Pratyahara, the fifth limb, begins with the yogi turning Yoga ball his or her attention inside and withdrawing from the pull of the senses. Seeing, smelling Yoga ball , hearing, feeling, and tasting all draw the yogi outward toward the world of enticements, whereas the discipline of turning inward through pratyahara makes the yogi receptive to inner, more contemplative realms of experience. Dharana, concentration, comes after the body has been tempered through asana, the mind is invigorated through pranayama, and the seductive powers of the senses are controlled through pratyahara. Essentially, this is concentrating and focusing the mind, the very heart of the matter, the still point of the turning wheel, where the fire and the rose are one, as Elliot wrote in The Wasteland. 23 This single-pointedness or ekagrata is essential for the final two stages.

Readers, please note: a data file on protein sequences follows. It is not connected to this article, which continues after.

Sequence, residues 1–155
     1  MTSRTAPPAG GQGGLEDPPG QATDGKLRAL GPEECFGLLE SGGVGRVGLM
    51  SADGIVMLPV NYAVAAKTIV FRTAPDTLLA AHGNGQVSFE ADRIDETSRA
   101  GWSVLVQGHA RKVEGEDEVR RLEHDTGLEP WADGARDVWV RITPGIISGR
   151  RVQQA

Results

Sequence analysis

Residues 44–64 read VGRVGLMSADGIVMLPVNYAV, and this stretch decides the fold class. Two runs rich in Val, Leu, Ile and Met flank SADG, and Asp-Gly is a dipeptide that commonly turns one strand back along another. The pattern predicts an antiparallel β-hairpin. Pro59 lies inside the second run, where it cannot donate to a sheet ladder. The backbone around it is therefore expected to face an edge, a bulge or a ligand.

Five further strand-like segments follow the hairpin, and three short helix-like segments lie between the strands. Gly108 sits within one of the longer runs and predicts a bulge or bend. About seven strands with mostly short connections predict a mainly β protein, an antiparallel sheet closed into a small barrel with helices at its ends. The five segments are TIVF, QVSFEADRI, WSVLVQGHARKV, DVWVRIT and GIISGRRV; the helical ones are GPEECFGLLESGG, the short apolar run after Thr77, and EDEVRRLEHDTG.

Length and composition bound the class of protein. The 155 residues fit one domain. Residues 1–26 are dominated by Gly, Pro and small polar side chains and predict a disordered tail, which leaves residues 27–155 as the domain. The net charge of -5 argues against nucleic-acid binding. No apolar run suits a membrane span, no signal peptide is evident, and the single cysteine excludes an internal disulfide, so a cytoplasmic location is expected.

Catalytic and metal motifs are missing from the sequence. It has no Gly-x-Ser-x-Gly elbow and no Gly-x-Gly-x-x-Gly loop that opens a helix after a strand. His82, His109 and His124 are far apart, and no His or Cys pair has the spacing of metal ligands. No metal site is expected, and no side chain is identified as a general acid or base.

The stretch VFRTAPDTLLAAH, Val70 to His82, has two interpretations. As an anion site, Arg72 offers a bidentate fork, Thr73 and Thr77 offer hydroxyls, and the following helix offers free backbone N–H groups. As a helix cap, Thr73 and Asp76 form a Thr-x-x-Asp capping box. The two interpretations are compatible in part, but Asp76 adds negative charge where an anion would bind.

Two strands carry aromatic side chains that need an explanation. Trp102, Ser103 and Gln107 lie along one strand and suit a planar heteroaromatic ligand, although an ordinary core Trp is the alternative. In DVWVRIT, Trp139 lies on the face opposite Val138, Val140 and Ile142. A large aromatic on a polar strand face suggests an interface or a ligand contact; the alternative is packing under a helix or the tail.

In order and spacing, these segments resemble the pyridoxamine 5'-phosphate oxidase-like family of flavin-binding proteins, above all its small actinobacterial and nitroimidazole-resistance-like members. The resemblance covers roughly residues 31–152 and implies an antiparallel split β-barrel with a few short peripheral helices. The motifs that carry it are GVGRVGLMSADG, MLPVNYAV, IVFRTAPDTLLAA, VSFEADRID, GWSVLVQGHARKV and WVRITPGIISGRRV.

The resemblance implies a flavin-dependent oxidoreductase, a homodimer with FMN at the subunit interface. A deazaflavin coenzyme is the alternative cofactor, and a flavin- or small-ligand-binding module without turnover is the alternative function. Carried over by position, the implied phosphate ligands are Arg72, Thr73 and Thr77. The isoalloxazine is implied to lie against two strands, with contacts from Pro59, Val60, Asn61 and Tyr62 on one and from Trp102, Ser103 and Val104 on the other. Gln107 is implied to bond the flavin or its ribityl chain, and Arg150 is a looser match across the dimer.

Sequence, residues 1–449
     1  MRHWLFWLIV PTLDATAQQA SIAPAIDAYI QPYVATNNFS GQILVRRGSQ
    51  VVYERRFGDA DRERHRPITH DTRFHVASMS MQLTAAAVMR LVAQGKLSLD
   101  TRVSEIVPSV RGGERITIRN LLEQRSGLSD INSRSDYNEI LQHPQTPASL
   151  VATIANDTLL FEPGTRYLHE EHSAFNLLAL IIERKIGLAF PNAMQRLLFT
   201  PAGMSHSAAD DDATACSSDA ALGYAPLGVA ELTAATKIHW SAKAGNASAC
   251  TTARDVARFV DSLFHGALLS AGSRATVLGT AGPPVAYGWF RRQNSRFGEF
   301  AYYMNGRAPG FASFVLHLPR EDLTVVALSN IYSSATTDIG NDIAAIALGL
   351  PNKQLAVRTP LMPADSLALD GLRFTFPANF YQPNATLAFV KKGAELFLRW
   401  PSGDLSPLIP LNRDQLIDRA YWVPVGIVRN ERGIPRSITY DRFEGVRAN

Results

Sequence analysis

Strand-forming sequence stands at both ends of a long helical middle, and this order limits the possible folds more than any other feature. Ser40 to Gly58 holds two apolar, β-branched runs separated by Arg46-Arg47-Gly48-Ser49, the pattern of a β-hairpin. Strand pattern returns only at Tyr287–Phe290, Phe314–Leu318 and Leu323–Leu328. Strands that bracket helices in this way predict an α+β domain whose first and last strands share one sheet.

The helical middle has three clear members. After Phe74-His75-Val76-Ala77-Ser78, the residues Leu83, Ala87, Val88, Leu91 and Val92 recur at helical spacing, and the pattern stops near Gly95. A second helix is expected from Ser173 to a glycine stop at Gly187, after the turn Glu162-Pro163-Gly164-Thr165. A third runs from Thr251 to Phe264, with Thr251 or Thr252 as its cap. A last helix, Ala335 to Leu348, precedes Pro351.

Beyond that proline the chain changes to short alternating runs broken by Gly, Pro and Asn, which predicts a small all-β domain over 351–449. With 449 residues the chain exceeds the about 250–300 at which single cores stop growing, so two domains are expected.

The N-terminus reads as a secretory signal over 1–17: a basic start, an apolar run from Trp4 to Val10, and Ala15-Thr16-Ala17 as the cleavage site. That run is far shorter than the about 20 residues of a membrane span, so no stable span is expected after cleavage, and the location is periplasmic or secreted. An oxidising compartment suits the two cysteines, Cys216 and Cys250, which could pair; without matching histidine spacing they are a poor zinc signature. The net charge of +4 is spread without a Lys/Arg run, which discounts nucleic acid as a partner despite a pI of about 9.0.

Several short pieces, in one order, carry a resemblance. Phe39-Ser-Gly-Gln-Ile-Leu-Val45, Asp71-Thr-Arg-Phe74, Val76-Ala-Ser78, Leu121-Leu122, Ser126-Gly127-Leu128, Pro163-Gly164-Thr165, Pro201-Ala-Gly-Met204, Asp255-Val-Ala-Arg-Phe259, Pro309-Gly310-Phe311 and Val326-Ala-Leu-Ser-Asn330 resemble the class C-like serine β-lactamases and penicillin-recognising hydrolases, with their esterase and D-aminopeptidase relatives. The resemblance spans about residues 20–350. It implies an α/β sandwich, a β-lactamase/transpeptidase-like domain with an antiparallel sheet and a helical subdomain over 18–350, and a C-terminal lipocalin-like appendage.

Dhyana, or meditation, is not easy to capture in words, but can best be understood by experience. Some definitions include a higher form of awareness ;24 a form of centering, which involves our disengagement from the machine of the mind and our resting in the heart ;25 coming into relationship with our own consciousness ;26 and the basis of all inner work . Which shifts our understanding of who we are and gives us the power to stand firmly in the center of our being.
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